Skip to content
Advertisements

Jan B. Balet Mid century Illustrator

April 22, 2013

Fishinkblog 5765 Jan Balet 1

Jan. B. Balet was born in 1913, the son of German/Dutch parents.  Three years later, his parents divorced and he and his mother moved to live with his mother’s parents Langenargen at Lake Constance in Germany. His grandfather was the senior judicial counsellor in the area Eduard Eggert and his uncle was the famous painter and illustrator Benno Eggert. Many well-known personalities of the time were friends of his grandfather. In 1920 his grandfather sold the house in Langenargen and the family moved to Friedrichshafen at Lake Constance.  Jan started school  1920. Because his mother and his grandmother had difficulties bringing him up after the death of his grandfather in 1926 Balet was sent to boarding school in GermanySchule Schloss Salem. In 1927 Balet moved to the Hansa Home, a strictly catholic institution in Munich and attended grammar school. In order to take up an apprenticeship with a painter shop Balet left school before finishing sixth class. He cut the apprenticeship short, leaving before the end of the second year,

Fishinkblog 5775 Jan Balet 11

In 1929, at the age of 17, he moved to Berlin at the invitation of his father and studied Drawing at the college of Arts and Crafts (Kunstgewerbeschule Ost am Schlesischen Bahnhof). A year later, he went to live with his mother and his grandmother, in Munich. Balet transferred his studies to the Munich College of Arts but was dismissed in 1932. He went on to study with Professor Ege, at a private school for commercial art. During this time he also worked at an institute for lithography and for the art gallery Wallach. Balet rented his first small studio at the age of nineteen, where he manufactured and sold hand colored Bavarian woodcuts. 1934 he passed the entrance examination to the Akademie der Bildenden Künste München and undertook further studies with Olaf Gulbransson.

Fishinkblog 5766 Jan Balet 2 Fishinkblog 5767 Jan Balet 3

In early 1938 Balet was recruited by the German military and because his ancestor’s passport was not complete, he was forbidden to associate further with the Akademie der Bildenden Künste München. Later that year Balet emigrated to the USA, settled in New York and painted rustic furniture for a living. One winter he jobbed as a skiing teacher in Vermont and occasionally jobbed as an advertising commercial artist. Among other projects, he painted the cafeteria of the largest of New York’s department stores R.H. Macy. He married a young woman named Bertha Quinn and in 1940 his son Peter was born. From time to time Balet’s designs appeared in the fashion magazine Mademoiselle and in 1943 he became Art Director at the magazine. Balet became so successful as a commercial artist that he was able to give up paid employment and start his own business. He worked for the radio station CBS, magazines such as Vogue, House and Garden, House Beautiful, The Saturday Evening Post, Glamour, Good Housekeeping, This week. After the war ended in 1945 he acquired U.S. citizenship.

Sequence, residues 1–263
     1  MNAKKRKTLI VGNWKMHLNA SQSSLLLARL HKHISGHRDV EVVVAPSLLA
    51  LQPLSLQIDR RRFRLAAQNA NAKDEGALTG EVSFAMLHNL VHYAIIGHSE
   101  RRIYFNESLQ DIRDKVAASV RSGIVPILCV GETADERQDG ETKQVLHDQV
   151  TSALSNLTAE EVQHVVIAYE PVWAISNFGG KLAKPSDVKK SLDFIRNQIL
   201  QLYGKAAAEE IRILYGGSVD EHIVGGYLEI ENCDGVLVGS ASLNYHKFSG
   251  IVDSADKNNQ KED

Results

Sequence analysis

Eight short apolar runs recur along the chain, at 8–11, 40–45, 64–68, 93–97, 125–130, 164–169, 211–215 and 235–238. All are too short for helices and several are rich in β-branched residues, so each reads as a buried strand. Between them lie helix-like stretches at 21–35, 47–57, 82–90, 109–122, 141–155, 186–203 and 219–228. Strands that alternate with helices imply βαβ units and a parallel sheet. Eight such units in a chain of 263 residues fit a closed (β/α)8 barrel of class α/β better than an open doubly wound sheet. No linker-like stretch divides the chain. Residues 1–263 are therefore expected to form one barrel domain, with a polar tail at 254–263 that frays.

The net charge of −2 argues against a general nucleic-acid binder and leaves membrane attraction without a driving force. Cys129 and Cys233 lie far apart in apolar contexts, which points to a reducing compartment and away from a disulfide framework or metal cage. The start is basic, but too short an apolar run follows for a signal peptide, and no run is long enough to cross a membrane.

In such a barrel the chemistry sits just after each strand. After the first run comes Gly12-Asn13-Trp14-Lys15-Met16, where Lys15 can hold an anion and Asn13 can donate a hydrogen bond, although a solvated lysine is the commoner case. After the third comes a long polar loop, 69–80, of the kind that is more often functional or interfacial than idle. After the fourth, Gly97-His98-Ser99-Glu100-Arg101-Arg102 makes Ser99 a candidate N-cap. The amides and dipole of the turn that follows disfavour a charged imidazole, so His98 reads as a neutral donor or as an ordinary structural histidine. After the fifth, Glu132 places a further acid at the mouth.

Fishinkblog 5769 Jan Balet 5 Fishinkblog 5772 Jan Balet 8

In 1945 Balet and his wife divorced and Peter and his mother went to live with her parents in Ballston Spa, NY. Balet commuted between his studio in New York and an old, boat house in the dunes of Montauk, Long Island, which he had converted to a studio where he painted and drew. His first children’s book Amos and the Moon was published in 1948. Soon after he travelled to Europe to visit his mother and his grandmother in Munich and then spent two months in Paris, which provided great inspiration for his future work. His grandmother died in 1949 at the age of 93 years and Balet said she had been “the most important and dearest person” in his life. Around this time Balet began a relationship with American photo model Lisa Tallal, whom he married a few years later. Balet sold his boat house and purchased his dream house, also on Long Island. Balet and his wife enjoyed an expensive lifestyle which required him to focus on commercial art. During travels to Europe and Mexico Balet took many photographs, since there was insufficient time for drawing. Despite what was regarded in the USA as fashionable art Abstract, Op-art and Popart Balet continued to paint in his own style. His mother died in 1963 and he inherited the house in Munich. As a former pupil of Olaf Gulbransson, Balet was invited, in 1964, to present an exhibition in the Pavillon Alter Botanischer Garten Munich. Many of his children’s books and illustrations were included in the exhibition as well as a variety of his commercial artwork. This encouraged Balet to keep on painting in his special style.